Of all the marketing and conversion techniques used by e-commerce retailers, building social proof has to rank as one of the most effective. The simple truth is that leveraging social proof will positively impact most if not all of your key e-commerce metrics, including conversion rate, average order value, and average lifetime value.
In this post, we’re going to look at five of the most effective ways to use social proof. By implementing these tips on your site, you’ll be replicating strategies used by some of the biggest and most successful online retailers in the game.
1. Highlight Social Media Activity on Facebook and Twitter to Build Social Proof for Specific Products
If you do not already include reviews on your products pages, then your conversion rate is almost certainly suffering.
Used in the right way, social media badges and mentions are among the most powerful tools for building social proof. Include a social media badge with your number of followers in your header or sidebar.
2. Show Security Seals, Award Badges, and any Affiliate Brands to Build Trust
Display security seals in close proximity to CTAs (and during checkout) to build trust, especially on checkout pages. Many security badges cite well-known brands – like Norton – and act as a recognizable vote of approval.
Award badges, images of popular brands you stock, and notable mentions in the media also help persuade customers that you’re the real deal. Try including these on site-wide elements, such as in headers and sidebars.
3. Show Expert Views, Influencer Mentions, and Media Recommendations
People trust experts. Their opinions carry a lot of social proof in an e-commerce setting. And many large online retailers have used the strategy of citing expert recommendations to great effect, with some making it a core part of their value proposition.
Amazon, for example, cites reviews from third parties on its product pages, alongside related videos and customer reviews.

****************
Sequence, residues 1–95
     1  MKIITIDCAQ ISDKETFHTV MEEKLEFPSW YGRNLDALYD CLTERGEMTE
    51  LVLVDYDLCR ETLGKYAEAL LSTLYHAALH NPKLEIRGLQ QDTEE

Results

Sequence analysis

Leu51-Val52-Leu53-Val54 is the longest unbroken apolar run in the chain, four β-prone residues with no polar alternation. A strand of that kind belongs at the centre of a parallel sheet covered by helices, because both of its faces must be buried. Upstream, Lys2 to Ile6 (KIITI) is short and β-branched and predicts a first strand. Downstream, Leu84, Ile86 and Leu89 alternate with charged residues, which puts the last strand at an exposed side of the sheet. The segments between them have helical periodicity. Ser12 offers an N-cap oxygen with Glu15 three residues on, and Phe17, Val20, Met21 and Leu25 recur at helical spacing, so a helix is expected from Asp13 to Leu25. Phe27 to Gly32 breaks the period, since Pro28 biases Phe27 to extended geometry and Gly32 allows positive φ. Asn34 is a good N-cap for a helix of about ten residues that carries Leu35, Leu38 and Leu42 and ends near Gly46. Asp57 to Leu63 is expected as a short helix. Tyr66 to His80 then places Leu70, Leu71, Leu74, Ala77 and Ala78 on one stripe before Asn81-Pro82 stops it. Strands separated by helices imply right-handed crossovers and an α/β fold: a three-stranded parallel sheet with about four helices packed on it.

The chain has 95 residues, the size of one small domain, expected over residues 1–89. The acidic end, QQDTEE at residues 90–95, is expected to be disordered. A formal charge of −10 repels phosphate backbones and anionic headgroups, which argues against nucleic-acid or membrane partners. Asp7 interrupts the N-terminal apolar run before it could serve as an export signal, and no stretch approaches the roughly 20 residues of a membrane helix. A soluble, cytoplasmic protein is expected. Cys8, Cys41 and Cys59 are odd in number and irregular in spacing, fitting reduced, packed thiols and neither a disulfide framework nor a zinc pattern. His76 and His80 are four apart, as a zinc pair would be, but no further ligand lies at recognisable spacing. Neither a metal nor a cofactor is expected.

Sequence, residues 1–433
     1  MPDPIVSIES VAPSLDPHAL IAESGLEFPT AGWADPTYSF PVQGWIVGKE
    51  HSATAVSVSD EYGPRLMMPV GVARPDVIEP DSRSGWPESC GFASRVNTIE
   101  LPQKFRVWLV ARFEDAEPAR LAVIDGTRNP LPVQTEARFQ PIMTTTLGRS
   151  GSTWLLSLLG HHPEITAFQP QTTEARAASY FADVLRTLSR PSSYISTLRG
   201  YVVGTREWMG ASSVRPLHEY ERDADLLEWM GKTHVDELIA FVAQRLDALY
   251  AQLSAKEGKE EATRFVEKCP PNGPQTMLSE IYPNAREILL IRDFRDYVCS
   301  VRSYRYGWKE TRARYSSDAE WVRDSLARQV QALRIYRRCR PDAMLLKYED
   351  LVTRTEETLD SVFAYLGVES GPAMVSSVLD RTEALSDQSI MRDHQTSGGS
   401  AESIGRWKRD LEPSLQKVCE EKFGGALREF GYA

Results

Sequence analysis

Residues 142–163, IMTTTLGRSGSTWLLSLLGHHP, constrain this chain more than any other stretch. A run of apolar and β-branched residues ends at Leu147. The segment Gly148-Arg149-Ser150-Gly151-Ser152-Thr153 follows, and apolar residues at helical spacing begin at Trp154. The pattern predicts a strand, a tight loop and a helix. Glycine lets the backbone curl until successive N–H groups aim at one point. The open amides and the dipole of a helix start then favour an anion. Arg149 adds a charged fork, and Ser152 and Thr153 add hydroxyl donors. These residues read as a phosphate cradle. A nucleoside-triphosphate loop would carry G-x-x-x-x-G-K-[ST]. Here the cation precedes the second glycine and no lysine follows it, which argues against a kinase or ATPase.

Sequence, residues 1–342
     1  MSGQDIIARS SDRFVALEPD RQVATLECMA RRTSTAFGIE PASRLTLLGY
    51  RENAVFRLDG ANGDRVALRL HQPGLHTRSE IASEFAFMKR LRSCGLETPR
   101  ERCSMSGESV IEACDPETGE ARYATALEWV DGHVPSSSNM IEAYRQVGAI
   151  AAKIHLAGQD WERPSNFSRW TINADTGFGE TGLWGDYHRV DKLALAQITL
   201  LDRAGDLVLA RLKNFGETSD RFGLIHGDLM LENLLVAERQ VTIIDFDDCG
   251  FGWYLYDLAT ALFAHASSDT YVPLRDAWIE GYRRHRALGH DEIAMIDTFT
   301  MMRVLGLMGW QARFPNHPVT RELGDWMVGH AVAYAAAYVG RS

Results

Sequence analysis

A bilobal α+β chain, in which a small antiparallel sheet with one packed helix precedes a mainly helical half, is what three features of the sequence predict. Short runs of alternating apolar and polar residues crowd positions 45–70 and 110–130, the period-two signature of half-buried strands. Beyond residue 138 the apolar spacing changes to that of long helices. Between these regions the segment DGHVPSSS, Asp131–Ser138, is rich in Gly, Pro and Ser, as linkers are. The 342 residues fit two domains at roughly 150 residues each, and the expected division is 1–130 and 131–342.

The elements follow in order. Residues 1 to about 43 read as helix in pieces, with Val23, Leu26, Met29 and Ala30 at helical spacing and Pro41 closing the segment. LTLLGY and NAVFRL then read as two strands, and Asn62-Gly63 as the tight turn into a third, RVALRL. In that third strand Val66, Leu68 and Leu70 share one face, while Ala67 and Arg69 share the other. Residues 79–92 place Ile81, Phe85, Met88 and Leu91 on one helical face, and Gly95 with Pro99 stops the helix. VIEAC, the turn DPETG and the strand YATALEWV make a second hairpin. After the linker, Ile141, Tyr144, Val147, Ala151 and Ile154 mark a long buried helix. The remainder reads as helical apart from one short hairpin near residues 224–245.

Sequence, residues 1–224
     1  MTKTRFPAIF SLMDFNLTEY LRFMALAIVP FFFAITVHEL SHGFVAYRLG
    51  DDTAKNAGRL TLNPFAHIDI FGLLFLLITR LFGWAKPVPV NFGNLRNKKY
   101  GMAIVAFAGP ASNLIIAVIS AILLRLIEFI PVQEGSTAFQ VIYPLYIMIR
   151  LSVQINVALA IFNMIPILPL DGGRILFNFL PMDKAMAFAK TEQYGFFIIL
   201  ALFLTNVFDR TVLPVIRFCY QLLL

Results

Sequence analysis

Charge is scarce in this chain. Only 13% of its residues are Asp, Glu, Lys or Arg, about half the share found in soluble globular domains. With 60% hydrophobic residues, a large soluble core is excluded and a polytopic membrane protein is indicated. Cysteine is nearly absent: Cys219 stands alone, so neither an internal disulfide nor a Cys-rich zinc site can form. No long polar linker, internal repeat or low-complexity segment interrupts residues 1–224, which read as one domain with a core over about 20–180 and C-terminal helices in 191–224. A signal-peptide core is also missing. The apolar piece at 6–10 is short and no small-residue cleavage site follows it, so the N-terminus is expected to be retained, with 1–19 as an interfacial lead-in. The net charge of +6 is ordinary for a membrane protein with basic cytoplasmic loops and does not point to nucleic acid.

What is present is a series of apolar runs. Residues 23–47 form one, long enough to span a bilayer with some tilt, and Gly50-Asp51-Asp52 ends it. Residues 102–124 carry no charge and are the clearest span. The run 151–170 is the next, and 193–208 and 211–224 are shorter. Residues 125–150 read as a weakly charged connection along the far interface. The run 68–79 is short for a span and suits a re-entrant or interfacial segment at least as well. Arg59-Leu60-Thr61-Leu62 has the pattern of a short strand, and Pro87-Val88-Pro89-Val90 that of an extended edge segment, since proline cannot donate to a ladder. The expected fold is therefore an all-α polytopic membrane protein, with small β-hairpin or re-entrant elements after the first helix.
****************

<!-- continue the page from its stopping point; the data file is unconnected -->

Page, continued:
4. Showcase Review Stories and Media-Rich Reviews
Encourage reviewers to use rich media like video and images in their reviews. This makes reviews appear authentic while also building engagement.
You might also want to display “case studies” that show how products have positively affected people, especially when it comes to more expensive products. Longer, more involved stories are trustworthy and emotionally powerful.
5. Avoid Negative Social Proof and “Neutralize” Negative Comments and Reviews
Sometimes no proof is the best way to go.
While proof-building elements are very powerful, they can often backfire if used in the wrong way. It’s better not to include social media badges, for example, if you’ve only got a few hundred followers. Equally, a poor-quality case study will usually do more harm than good.
It’s also important to “neutralize” those parts of your online store that might sap your social proof. If some products have a lot of negative reviews, for example, focus resources on building up positive ones and asking customers if there’s anything you can do to solve their problems and retract a review.
So here’s the advice you should always keep in mind: focus on your best assets. Don’t include things just for the sake of it.
If you implement the tips above, you will see a boost in the social proof associated with your brand, website, and products. And your overall e-commerce conversion rate will improve as a result.
But there’s an important caveat.
The only real way to know whether a change has positively impacted conversions is through testing. Always A/B test new ways of using social proof to see how the elements affect conversions. This is the best mechanism for distinguishing between those that boost social proof and those that bring it down or have other unintended negative effects.